James Hillman served depth psychology's double task, ever more critical in our time, to affirm "soul" as essential to any true psychology, and to bring psychology out of the consulting room into the world. This task he performed decade after decade with astonishing inventiveness, style, and learning, evident in every sentence he wrote and spoke.
Hillman was full of paradoxes: Wonderfully European, deep-cultured, and multilingual, yet a born American, jazzy, ever improvising, a rebel subverting the old dogmas. He saw through, endlessly, like a postmodern deconstructionist. And yet he saw, vividly, the gods, the spirits, the depths, like an ancient poet. He held an allegiance to the fallen world, yet he risked a large vision. Above all, Hillman championed the imagination in its high rightful place at the center of human reality. And he saw the anima mundi, the soul of the world, in ways no one had seen before.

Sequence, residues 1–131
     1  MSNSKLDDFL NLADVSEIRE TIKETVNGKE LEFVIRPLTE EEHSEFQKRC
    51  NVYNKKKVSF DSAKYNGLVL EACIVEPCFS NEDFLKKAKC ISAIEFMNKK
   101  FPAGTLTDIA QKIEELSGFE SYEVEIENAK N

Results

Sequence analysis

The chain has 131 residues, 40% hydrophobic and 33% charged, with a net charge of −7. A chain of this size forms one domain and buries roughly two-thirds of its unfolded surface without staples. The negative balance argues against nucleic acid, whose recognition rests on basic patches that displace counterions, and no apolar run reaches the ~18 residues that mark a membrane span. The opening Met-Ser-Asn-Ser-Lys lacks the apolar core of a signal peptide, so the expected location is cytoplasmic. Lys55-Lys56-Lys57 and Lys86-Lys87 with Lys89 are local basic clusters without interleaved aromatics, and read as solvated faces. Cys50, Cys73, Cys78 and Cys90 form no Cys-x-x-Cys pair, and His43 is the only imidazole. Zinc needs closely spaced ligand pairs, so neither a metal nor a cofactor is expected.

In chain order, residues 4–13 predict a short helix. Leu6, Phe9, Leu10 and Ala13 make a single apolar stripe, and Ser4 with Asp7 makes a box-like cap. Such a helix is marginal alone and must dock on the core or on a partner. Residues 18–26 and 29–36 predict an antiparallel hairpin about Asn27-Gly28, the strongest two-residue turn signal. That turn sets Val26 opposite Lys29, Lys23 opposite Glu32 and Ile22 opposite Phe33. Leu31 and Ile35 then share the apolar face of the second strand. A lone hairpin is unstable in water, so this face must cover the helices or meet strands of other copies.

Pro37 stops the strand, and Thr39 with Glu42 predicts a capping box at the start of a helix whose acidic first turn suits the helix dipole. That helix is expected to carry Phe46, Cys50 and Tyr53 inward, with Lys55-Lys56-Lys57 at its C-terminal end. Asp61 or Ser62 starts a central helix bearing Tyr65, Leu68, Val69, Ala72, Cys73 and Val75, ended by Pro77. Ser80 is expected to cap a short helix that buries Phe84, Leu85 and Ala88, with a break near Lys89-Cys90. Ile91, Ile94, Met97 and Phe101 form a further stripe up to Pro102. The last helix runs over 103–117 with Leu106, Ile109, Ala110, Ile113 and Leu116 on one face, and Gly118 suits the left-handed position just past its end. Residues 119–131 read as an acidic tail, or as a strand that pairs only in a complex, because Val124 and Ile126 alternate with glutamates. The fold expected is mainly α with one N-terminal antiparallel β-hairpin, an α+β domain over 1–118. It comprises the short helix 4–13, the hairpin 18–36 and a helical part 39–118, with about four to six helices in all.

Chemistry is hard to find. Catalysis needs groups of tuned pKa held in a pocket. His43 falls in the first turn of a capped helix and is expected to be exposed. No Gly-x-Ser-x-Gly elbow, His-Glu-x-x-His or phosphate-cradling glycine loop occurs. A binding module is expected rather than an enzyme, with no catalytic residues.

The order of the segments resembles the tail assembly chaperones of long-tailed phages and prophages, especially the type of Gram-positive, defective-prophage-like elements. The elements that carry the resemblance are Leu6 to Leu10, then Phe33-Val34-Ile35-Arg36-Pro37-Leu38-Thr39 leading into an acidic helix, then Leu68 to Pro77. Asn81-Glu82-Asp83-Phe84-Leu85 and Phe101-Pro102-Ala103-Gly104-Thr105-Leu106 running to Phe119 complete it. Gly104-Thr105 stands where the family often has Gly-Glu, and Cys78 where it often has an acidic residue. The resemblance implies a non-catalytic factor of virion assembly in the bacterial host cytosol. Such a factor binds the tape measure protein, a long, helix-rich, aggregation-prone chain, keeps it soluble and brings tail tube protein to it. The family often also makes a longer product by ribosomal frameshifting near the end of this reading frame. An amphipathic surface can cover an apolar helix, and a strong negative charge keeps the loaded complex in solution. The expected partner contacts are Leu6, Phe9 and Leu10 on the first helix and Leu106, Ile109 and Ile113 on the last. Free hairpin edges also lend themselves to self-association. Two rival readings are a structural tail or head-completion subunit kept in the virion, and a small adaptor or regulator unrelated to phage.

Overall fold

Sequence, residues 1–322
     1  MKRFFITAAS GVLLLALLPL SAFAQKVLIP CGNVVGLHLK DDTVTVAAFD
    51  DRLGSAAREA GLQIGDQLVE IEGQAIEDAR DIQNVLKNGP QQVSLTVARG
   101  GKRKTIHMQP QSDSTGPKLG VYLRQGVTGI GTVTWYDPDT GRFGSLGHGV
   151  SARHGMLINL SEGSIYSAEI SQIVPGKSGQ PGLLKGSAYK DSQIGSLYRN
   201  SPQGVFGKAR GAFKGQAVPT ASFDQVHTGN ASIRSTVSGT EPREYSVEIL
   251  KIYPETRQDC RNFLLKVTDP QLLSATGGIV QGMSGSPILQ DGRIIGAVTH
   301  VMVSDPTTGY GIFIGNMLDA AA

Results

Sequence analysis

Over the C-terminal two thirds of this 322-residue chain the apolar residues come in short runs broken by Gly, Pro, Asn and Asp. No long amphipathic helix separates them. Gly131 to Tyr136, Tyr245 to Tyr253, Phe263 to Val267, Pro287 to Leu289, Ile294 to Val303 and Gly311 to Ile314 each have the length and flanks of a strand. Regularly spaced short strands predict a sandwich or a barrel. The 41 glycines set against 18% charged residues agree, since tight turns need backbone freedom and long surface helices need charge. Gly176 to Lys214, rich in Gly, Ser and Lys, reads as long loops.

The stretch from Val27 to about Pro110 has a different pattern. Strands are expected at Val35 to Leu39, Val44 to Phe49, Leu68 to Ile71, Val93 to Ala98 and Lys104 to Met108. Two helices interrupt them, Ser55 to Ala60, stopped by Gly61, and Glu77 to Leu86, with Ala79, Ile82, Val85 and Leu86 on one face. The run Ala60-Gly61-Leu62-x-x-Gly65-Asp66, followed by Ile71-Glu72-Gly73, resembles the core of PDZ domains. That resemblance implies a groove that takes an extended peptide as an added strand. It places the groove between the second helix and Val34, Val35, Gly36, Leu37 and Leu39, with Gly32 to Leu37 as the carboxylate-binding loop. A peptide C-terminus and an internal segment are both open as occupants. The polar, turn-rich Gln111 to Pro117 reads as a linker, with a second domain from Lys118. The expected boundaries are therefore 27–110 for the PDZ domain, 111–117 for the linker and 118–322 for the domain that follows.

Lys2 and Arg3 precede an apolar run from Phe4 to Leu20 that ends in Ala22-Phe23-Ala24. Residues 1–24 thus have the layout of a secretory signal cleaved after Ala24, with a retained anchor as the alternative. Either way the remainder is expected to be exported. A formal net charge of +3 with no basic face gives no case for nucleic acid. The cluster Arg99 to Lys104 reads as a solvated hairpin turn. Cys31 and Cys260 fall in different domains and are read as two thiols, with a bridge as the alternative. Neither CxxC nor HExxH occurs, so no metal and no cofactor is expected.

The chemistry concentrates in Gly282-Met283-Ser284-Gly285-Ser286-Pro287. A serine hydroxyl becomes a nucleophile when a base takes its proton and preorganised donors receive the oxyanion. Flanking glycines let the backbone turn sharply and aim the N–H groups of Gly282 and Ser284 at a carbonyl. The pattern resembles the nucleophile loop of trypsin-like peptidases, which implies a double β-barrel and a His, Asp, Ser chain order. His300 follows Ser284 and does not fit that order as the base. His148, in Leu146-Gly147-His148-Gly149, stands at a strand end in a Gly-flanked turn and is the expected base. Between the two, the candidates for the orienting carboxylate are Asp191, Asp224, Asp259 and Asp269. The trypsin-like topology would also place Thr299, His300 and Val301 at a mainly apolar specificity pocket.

Join Richard Tarnas for a thoughtful remembrance of James Hillman's extraordinary contribution to our cultural life and psychological reflections.
Richard Tarnas, Ph.D., is a professor of philosophy and cultural history at the Institute of Integral Studies in San Francisco, where he founded the graduate program in Philosophy, Cosmology, and Consciousness. He is the author of The Passion of the Western Mind, a history of the Western world view from the ancient Greek to the postmodern; and Cosmos and Psyche: Intimations of a New World View, which received the Book of the Year Prize from the Scientific and Medical Network in the UK. Rick frequently lectures abroad as well as at various Jungian institutes and societies throughout the U.S., and has served for six years on the Board of Governors of the C.G. Jung Institute of San Francisco.